Last month, we informed you about the adoption by the European Union finance ministers of the first-ever blacklist of tax havens. It named 17 jurisdictions outside the EU as non-cooperative on tax matters.

On 23 January 2018, the finance ministers agreed to remove eight jurisdictions from the list, following commitment letters by these jurisdictions to change their tax rules. The removal means they are now part of a “gray” list of countries that are currently not compliant with EU standards but expected to become so.

The Code of Conduct Group for Business Taxation, made up of representatives from Member States, will monitor implementation of the commitments. Despite demands from the European Commission, the content of the commitment letters has not been disclosed publicly. Nine jurisdictions remain on non-cooperative list: American Samoa, Bahrain, Guam, Marshall Islands, Namibia, Palau, Saint Lucia, Samoa and Trinidad and Tobago.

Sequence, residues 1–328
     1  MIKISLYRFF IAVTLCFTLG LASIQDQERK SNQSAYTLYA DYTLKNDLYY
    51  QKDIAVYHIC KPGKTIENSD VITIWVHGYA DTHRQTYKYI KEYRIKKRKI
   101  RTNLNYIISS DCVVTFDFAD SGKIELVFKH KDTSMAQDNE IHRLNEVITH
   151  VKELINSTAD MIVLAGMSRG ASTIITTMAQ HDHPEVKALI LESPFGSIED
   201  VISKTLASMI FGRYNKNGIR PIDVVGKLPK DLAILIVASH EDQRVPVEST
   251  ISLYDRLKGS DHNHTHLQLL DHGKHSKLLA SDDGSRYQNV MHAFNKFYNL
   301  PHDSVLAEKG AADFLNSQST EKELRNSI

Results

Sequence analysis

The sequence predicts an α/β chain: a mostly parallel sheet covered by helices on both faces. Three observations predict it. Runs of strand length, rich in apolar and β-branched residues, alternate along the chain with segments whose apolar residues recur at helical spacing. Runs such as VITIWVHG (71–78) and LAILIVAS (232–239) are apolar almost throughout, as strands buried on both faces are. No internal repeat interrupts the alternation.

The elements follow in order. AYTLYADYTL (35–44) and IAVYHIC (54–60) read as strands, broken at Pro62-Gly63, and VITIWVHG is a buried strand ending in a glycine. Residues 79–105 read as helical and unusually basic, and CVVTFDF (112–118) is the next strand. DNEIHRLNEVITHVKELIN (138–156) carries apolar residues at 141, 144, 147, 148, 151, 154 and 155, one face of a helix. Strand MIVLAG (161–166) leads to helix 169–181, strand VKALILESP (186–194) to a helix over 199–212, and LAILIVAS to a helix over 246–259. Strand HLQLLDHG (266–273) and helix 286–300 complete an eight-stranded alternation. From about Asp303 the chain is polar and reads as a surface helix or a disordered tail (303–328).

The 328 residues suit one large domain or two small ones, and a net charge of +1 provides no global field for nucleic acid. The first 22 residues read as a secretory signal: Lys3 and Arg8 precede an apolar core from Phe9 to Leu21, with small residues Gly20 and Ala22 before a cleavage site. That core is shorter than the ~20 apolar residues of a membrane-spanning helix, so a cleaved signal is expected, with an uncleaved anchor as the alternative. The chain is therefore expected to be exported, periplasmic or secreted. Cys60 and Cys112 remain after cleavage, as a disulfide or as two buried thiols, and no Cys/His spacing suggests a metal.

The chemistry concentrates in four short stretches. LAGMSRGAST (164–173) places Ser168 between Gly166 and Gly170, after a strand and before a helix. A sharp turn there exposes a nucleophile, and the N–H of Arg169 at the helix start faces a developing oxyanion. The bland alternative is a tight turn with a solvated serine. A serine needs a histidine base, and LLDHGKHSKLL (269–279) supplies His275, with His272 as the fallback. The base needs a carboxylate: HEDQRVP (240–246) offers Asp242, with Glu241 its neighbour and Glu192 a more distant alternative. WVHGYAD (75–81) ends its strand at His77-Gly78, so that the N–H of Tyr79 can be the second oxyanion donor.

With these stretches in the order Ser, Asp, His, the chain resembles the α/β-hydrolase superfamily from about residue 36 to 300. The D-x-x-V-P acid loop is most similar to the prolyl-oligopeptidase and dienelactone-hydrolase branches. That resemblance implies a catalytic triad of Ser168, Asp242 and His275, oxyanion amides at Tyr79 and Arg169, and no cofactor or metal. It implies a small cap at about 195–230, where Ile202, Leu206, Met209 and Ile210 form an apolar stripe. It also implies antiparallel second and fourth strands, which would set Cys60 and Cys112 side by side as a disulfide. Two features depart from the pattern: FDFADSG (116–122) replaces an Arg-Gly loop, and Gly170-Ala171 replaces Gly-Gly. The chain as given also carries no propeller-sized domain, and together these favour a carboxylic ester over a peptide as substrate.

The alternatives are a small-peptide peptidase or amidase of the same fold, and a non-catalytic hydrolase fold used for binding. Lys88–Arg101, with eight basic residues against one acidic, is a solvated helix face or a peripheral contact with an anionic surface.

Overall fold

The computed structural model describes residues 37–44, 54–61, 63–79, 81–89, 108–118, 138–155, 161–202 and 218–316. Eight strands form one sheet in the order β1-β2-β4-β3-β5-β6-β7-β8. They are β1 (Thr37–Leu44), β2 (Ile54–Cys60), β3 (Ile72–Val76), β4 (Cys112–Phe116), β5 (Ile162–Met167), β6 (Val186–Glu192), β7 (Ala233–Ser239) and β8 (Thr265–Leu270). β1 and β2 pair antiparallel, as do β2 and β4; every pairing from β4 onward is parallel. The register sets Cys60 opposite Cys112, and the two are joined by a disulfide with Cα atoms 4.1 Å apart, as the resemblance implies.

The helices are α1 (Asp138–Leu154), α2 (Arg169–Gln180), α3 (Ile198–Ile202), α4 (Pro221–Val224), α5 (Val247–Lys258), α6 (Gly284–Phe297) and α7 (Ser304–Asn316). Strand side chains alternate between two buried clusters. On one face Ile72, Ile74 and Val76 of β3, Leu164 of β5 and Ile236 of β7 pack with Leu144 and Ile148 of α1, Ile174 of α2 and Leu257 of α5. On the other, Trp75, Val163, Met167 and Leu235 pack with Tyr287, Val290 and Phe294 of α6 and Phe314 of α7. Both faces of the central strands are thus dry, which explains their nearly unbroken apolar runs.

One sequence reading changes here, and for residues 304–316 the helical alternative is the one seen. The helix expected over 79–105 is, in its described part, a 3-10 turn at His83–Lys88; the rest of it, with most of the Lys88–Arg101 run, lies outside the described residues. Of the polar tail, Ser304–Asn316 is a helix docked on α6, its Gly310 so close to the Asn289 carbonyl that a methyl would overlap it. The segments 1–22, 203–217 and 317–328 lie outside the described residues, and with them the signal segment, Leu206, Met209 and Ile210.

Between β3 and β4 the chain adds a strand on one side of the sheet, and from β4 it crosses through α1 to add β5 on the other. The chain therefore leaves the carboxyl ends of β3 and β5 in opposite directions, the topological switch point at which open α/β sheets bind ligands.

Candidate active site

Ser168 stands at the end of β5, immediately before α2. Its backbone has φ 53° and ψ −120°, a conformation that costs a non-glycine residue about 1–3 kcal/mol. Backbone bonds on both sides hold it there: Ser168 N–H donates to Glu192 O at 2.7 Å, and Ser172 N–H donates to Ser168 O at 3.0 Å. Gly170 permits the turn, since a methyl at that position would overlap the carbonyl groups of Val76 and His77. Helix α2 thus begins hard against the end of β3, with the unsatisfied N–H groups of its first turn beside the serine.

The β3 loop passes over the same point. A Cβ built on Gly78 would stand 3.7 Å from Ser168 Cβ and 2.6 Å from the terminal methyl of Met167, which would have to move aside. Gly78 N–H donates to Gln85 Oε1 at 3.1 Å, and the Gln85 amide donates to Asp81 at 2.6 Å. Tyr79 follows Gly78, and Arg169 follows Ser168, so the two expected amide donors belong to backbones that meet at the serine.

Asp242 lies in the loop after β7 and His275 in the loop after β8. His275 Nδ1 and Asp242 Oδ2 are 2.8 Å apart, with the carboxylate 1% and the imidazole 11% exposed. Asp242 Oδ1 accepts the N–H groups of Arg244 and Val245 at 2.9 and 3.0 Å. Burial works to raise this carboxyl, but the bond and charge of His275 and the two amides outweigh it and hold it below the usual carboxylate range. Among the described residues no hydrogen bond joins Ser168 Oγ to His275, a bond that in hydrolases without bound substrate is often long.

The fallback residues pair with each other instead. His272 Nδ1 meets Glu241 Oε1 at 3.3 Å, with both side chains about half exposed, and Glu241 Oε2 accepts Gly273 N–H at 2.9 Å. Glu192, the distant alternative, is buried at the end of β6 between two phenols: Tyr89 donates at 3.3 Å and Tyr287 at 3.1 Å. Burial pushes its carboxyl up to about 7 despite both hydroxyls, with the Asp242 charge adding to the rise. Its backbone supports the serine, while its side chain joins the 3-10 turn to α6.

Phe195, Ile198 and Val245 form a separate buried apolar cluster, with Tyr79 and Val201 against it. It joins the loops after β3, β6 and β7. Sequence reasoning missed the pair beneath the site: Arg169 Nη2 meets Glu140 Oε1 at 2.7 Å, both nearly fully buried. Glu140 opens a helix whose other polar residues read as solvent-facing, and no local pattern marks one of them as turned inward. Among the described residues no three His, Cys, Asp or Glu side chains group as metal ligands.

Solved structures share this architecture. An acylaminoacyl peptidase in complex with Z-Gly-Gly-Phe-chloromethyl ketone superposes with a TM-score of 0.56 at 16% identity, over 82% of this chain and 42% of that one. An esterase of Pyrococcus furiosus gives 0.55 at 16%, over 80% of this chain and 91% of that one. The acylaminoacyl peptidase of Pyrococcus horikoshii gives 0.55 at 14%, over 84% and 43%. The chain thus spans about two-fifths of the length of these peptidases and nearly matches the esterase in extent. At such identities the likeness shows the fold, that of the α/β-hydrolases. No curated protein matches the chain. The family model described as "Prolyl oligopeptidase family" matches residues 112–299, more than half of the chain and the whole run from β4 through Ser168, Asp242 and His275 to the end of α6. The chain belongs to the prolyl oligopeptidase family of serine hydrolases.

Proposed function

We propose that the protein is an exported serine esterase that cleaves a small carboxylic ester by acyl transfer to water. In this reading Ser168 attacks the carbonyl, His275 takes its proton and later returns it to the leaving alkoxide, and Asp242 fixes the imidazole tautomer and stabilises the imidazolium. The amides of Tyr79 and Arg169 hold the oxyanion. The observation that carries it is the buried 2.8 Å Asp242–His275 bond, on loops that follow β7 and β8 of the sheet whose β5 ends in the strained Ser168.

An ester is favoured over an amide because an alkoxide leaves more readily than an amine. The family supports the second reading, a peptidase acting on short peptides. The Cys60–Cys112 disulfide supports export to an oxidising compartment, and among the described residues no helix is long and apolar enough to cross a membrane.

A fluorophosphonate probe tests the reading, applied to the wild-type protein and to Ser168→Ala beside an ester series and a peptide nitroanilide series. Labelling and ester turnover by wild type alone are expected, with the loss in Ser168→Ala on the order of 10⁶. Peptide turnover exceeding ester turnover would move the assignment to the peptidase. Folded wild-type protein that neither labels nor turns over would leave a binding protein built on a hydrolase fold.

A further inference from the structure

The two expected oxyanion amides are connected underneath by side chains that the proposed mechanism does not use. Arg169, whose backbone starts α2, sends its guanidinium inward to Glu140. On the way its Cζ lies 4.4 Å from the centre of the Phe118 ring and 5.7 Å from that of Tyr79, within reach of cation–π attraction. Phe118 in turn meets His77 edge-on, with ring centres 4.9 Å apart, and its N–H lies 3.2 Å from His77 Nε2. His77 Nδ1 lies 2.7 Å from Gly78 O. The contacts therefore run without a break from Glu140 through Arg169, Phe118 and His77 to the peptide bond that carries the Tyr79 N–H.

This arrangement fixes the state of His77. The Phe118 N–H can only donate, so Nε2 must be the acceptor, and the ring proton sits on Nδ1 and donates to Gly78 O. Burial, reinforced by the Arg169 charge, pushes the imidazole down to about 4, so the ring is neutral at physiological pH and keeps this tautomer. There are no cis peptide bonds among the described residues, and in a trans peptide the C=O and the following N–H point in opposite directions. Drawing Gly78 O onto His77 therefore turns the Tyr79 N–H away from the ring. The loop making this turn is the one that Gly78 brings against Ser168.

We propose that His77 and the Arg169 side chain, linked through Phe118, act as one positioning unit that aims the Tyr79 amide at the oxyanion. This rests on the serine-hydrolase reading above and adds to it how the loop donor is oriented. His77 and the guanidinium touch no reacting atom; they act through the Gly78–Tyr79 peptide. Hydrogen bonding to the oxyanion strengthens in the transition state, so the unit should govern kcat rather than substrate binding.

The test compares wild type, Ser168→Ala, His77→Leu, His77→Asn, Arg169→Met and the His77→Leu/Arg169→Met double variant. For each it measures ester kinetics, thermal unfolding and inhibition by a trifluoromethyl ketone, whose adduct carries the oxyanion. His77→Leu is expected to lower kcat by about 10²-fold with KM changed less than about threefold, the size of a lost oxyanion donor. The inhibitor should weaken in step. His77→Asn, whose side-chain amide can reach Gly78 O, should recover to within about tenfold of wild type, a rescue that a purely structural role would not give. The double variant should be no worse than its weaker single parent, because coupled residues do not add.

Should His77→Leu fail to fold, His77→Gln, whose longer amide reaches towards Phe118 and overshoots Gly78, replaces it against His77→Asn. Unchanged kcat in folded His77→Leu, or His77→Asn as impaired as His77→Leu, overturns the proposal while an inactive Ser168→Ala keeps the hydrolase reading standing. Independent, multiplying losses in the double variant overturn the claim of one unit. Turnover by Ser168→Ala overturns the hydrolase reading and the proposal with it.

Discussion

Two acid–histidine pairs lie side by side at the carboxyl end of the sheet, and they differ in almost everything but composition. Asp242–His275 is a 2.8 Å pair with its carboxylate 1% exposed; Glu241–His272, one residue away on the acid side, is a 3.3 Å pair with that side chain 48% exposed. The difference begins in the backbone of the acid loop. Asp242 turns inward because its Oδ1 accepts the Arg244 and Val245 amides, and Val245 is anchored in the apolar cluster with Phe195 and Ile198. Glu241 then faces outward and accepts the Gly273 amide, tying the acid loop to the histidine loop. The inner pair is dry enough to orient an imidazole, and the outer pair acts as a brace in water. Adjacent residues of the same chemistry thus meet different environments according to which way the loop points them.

In June 2017 ahead of a G20 summit, the OECD was listing only one remaining jurisdiction as non-cooperative, Trinidad and Tobago, but under different criteria. Whereas the OECD is focusing its effort on improving international tax transparency standards for the exchange of information (automatic and on request), the EU considers additionally that preferential tax regimes and the absence of corporate income tax (or a zero corporate tax rate) are risk indicators.

The OECD has a different scope of action, playing a role of global coordinator and leaving members to implement OECD standards into national law. By contrast, the EU is acting as a normative power with binding implications for its Member States and eventually businesses.